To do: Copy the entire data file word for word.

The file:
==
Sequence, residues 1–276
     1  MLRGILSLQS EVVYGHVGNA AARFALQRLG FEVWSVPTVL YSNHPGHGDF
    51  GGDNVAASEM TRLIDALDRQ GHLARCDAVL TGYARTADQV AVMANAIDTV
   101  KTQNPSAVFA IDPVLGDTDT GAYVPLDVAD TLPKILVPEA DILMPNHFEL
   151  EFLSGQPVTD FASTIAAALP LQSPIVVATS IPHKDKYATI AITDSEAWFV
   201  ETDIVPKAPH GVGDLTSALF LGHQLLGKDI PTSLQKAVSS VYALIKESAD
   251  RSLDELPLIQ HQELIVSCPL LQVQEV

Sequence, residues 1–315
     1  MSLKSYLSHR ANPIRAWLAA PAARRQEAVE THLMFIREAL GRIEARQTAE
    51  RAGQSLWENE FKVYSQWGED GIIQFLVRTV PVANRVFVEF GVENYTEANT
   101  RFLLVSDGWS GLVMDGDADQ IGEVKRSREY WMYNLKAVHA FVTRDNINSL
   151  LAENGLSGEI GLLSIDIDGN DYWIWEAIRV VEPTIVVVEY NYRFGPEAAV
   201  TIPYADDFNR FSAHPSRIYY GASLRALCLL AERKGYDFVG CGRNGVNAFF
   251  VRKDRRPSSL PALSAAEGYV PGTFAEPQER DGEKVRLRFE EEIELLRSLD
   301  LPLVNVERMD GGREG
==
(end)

Sequence, residues 1–276
     1  MLRGILSLQS EVVYGHVGNA AARFALQRLG FEVWSVPTVL YSNHPGHGDF
    51  GGDNVAASEM TRLIDALDRQ GHLARCDAVL TGYARTADQV AVMANAIDTV
   101  KTQNPSAVFA IDPVLGDTDT GAYVPLDVAD TLPKILVPEA DILMPNHFEL
   151  EFLSGQPVTD FASTIAAALP LQSPIVVATS IPHKDKYATI AITDSEAWFV
   201  ETDIVPKAPH GVGDLTSALF LGHQLLGKDI PTSLQKAVSS VYALIKESAD
   251  RSLDELPLIQ HQELIVSCPL LQVQEV

Sequence, residues 1–315
     1  MSLKSYLSHR ANPIRAWLAA PAARRQEAVE THLMFIREAL GRIEARQTAE
    51  RAGQSLWENE FKVYSQWGED GIIQFLVRTV PVANRVFVEF GVENYTEANT
   101  RFLLVSDGWS GLVMDGDADQ IGEVKRSREY WMYNLKAVHA FVTRDNINSL
   151  LAENGLSGEI GLLSIDIDGN DYWIWEAIRV VEPTIVVVEY NYRFGPEAAV
   201  TIPYADDFNR FSAHPSRIYY GASLRALCLL AERKGYDFVG CGRNGVNAFF
   251  VRKDRRPSSL PALSAAEGYV PGTFAEPQER DGEKVRLRFE EEIELLRSLD
   301  LPLVNVERMD GGREG